"Hawai’i is the key,” said Dr. James Goff as he and other members of an international paleotsunami research team trudged through the knee-deep mud of the old taro fields in Waipio Valley.
Dr. Goff and his wife, Dr. Catherine Chague-Goff, a husband and wife team of tsunami scientists, came to Hawai'i from the University of New South Wales in Sydney, Australia to join with other eminent scientists in an effort to push the history of tsunamis in Hawai’i further back in time and provide a better understanding of the true tsunami hazard risk to our islands and, in fact, the entire Pacific. Other members of the team were Dr. Gerard Fryer, geophysicist with NOAA’s Pacific Tsunami Warning Center, Andrew Bohlander of UH Sea Grant, Beth Arcos representing the International Tsunami Information Center, Drs. Stephen Kirby, Bruce Jaffe, Mark Goldman, and Rufus Catchings of the U. S. Geological Survey, and Walter Dudley, representing the Pacific Tsunami Museum (PTM).
Starting just behind the beach ridge, the scientists explored the valley searching for the best sampling sites, and over the next four days would carry out surveys and collect numerous core sediment samples. A team from the USGS carried out seismic studies, creating sound images of the sediment layers beneath the valley floor, while other teams collected core samples by pushing a ten-foot long metal tube into the sediment and retrieving buried layers of sediment. Samples of different layers were collected for later analysis at laboratories in Australia and California, where chemical, radiological, and pollen studies will reveal the age and nature of the sediments. But to the practiced eyes of Dr. Goff and others, many tsunami deposits were clearly in evidence. Sediment washed into the valley by the 1946 tsunami formed a ten-inch thick layer just behind the beach dunes. As expected, this layer became progressively thinner further up the valley. But equally thick layers beneath 1946 were discovered in the valley. These represent deposits of previous tsunamis about which we know precious little. We need to decipher the long-term tsunami history of our islands so that we can better prepare for what Mother Nature may have in store for us.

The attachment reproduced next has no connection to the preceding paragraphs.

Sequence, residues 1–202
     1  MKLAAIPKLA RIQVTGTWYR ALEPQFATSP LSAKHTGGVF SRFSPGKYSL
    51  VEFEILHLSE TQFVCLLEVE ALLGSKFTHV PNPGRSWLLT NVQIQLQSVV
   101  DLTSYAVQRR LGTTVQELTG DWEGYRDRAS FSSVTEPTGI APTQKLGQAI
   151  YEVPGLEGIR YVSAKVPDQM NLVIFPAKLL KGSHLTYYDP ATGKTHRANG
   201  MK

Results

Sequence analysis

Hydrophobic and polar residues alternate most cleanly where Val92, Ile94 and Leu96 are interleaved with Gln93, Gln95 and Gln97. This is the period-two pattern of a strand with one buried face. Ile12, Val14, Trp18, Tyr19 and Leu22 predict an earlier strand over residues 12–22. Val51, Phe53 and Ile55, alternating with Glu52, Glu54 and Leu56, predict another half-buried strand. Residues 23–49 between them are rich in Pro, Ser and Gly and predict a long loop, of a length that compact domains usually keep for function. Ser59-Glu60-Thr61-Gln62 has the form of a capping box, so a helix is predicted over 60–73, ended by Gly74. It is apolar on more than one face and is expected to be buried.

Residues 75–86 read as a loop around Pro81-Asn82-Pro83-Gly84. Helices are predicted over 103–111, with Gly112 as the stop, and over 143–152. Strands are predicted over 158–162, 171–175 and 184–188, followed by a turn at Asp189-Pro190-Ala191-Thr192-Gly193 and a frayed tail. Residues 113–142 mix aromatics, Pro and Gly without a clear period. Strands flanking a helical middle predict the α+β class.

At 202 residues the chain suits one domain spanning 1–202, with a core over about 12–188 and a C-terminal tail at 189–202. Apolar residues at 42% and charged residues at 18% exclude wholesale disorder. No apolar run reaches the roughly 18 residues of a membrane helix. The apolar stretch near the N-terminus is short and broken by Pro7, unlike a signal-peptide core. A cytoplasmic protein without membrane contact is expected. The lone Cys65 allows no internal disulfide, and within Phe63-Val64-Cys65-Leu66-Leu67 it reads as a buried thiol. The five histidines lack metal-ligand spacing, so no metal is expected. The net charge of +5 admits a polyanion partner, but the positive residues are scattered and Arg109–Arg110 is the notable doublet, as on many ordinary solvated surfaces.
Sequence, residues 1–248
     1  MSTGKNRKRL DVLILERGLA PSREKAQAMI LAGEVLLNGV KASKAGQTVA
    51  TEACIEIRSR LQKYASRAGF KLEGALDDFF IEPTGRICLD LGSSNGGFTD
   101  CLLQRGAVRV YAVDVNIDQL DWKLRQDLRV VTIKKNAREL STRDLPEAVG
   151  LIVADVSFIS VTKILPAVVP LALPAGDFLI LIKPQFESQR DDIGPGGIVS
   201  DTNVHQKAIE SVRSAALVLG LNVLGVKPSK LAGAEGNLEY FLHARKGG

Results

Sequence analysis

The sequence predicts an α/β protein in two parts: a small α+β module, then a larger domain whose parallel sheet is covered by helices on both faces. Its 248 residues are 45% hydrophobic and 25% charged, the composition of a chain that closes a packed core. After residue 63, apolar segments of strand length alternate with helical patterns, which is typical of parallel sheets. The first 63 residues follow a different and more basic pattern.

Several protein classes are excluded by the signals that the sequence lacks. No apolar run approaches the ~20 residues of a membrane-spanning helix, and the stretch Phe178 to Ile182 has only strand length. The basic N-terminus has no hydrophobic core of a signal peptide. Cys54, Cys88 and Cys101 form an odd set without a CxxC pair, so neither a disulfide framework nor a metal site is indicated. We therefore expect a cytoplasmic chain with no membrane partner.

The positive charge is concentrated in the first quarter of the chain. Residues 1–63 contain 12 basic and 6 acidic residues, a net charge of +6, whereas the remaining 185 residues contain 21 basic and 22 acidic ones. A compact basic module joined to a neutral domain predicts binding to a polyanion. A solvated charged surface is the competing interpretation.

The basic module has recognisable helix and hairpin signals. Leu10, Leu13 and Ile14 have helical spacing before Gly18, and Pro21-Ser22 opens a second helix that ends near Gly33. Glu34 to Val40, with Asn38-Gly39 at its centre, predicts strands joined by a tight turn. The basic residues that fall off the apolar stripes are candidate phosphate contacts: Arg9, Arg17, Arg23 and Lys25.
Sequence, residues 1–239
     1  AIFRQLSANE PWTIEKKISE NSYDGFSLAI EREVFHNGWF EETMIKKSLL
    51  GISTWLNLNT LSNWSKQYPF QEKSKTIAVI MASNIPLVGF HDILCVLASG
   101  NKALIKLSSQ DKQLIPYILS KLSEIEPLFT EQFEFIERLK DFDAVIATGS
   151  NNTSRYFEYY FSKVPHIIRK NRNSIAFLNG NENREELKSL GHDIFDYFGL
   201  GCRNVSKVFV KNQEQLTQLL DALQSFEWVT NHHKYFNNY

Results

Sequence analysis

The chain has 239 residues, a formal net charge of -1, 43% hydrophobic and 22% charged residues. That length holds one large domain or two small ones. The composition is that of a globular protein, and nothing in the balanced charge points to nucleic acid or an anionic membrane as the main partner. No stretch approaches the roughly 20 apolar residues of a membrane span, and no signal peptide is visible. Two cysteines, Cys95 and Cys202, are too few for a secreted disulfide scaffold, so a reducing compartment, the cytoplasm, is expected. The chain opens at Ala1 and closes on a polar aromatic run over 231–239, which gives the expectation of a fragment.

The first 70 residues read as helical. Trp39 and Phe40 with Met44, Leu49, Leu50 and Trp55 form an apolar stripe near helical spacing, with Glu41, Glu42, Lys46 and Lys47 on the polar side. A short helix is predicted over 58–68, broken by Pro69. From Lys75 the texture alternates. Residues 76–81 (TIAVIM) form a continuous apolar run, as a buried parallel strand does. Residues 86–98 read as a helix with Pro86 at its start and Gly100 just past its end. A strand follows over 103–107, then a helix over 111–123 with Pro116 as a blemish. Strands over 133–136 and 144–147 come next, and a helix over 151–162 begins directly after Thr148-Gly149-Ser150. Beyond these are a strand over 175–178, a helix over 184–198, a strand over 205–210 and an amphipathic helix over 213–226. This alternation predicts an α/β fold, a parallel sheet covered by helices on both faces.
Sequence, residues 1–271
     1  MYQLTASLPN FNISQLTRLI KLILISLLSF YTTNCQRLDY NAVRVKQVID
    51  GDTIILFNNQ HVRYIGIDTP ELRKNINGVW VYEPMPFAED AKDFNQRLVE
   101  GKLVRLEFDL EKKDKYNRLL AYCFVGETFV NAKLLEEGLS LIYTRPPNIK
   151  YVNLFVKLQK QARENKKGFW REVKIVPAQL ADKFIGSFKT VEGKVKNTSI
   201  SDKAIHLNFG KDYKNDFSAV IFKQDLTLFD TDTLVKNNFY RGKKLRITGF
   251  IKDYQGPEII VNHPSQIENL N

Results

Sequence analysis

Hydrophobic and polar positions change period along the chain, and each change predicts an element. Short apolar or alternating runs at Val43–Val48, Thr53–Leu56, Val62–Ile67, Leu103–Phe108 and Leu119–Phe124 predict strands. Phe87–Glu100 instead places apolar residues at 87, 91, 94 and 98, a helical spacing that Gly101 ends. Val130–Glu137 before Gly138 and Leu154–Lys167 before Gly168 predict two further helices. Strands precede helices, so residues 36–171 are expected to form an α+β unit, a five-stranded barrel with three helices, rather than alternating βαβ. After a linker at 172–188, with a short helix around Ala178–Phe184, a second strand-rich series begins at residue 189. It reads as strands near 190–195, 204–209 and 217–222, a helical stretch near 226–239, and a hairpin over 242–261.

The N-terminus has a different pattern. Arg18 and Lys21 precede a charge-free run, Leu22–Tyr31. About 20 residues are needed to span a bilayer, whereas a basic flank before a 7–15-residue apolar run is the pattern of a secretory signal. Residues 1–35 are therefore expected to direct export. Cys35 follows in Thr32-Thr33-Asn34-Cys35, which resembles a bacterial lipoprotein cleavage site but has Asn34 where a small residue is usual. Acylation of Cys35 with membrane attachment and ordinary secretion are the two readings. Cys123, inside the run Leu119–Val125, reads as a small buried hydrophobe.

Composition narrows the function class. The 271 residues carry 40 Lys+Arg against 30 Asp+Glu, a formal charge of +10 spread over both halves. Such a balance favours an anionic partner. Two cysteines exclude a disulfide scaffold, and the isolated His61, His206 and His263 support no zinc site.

The effort now will be to determine the composition and age of the older, deeper tsunami deposits from Waipio Valley, and to try to mount a future, more comprehensive expedition looking at sites on different sides of several islands in the Hawaiian chain. So, just as Dr. Goff stated: “Hawai’i is the key” to understanding tsunamis in the Pacific.
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Tsunami work during 2012 included collaboration between the Pacific Tsunami Museum (PTM), the Pacific American Foundation (PAF), and the Institute of Geophysics, University of Alaska Fairbanks on the Hawai'i Indigenous Tsunami Education Curriculum (HITEC). This ambitious project involved the creation of a culture-based science curriculum on tsunamis and climate change impact on sea level for grades 4, 6, 8 and 9, and in assisting Hawai'i schools with their tsunami preparedness efforts.
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Dr. Dudley travelled to Europe to meet with the tsunami staff at UNESCO headquarters in Paris. There he discussed some of PTM's education projects and explored potential collaboration.
In June of 2011 Jeanne Johnston, John Coney, and Dr. Dudley travelled to Alaska to install tsunami exhibits in three towns that were seriously impacted by the 1964 Good Friday earthquake and subsequent tsunamis. The exhibits were installed in museums in Valdez, Kodiak Island, and Seward. Each exhibit features the overall story of the devastating event with special focus on what transpired in the local community, and each includes current information on tsunami preparedness.
A similar exhibit, covering all areas of Alaska impacted in 1964, was installed here at PTM. It comes as a surprise to most people that of the 131 fatalities resulting from the Good Friday earthquake, 122 were actually killed by the tsunami waves. Furthermore, of the tsunami fatalities, 82 were caused by 20 different landslide-generated local tsunamis. There is not enough time for warning centers to send out alerts in the event of a locally generated tsunami; hence education about nature’s warning signs is critical in order to prepare people for the next tsunami event.